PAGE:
The future of 3D TV: no need for glasses?

Home entertainment is evolving further and further, especially 3D TV. We believe in the future of 3D TV without glasses, so our website is going to present news about the young market every week from now. What do we have to expect?
By: Dominic Zijlstra
The future of home entertainment
The future of home entertainment
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Dec. 2, 2011 - PRLog -- Internet start up Nablaminds now publishes the latest news on the future of 3D TV on their website, You can read all about new TV's, new technologies and detailed information on 3D in the home entertainment business.

How far we are:

Home entertainment in three dimensions has now been around for a while. All mayor brands in electronics offer a series of 3D TV's, which nowadays almost without exception have a great picture and, with all 3D Hollywood productions being released on Blu-ray, also have no shortage of 3D content. However, current models all have something in common: they require the viewer to wear glasses.

This is due to the two leading technologies currently used for producing 3D images. The first one is active 3D, for which you need active liquid crystal shutter glasses. This is because the TV alternately shows the picture meant to be seen by the right eye and then a slightly different picture for the left eye. The shutter glasses then block the left eye when the picture for the right eye is send and vice versa, at the exact same frequency with which your TV sends those pictures.  These two pictures are then combined by your brain, fooling you into thinking you just saw something three dimensional.
The second technique used is called, as you might have expected, passive 3D. It does not require shutter glasses, but you need to wear polarized 3D glasses. The principle is the same, but with this technology your TV sends the picture for the right eye with a different polarization than the picture for the left eye. This means that special properties of light waves are used to distinguish between the to pictures. Your glasses contain so called polarizing filters, which let only the rightly polarized picture through, thus making the left and right eye see slightly different pictures.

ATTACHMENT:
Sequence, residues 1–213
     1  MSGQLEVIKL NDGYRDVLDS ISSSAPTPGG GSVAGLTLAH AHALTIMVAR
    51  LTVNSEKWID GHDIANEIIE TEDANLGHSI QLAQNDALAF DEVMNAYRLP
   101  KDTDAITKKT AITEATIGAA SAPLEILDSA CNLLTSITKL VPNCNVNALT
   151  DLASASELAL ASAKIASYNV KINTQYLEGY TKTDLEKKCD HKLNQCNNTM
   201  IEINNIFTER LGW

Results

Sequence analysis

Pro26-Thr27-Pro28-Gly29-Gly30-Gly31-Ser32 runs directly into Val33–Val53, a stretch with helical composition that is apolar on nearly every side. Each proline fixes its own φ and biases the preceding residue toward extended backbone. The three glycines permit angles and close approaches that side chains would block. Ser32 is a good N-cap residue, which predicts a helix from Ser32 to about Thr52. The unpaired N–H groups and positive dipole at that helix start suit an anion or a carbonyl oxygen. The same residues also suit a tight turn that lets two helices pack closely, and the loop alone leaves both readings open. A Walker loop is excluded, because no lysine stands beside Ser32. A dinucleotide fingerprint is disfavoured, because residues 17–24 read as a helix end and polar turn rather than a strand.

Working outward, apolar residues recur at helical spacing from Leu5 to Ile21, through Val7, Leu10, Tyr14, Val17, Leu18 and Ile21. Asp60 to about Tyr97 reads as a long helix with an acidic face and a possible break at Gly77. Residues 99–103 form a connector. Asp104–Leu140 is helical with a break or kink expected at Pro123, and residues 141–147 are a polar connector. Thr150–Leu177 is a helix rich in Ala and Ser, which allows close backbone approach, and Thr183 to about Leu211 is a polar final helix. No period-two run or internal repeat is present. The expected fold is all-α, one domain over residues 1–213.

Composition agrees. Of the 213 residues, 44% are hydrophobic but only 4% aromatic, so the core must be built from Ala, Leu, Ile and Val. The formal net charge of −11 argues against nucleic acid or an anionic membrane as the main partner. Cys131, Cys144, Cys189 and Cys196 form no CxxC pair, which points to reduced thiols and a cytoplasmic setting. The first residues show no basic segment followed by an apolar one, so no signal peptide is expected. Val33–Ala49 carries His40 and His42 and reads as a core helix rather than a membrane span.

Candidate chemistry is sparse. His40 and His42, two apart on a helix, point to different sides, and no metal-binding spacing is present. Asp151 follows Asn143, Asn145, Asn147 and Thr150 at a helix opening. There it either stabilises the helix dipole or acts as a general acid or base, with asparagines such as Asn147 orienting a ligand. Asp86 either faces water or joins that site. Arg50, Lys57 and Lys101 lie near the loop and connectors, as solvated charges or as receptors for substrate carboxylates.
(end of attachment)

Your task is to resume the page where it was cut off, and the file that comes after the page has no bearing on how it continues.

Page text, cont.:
The reason this technology is called passive, as opposed to active, is that the shutter glasses do not actively have to change to let through the right picture.

However, recent survey showed that a lot of users do not want to wear glasses to watch in 3D, because they find them uncomfortable, they get head-aches or it annoys them they have to buy extra glasses if they want to watch a movie with some friends or family. Luckily, the companies producing 3D TV's also recognized these problems and are now developing 3D technologies without the need for glasses.
They have developed two technologies called Parallax Barrier and Lenticular Lens Technology. Here, the blocking of the pictures for one of the eyes is done by the TV rather than by glasses. The TV contains a special layer which blocks a tiny amount of each pixel, so you see different pictures from different viewing angles. But since these viewing angles are rather specific, this technology functions best for smaller screens. Nintendo used this technology in the Nintendo 3DS, their newest gaming handheld. In the home entertainment section, Toshiba are currently the leading brand in this field, already having released two TV's using this technology, and certainly more to come.
Current drawbacks however are the limited size of the devices and the 3D effect not being as spectacular as with glasses.

If you want to read the latest news about the future of 3D TV or information about glasses-free 3D TV's visit our website at

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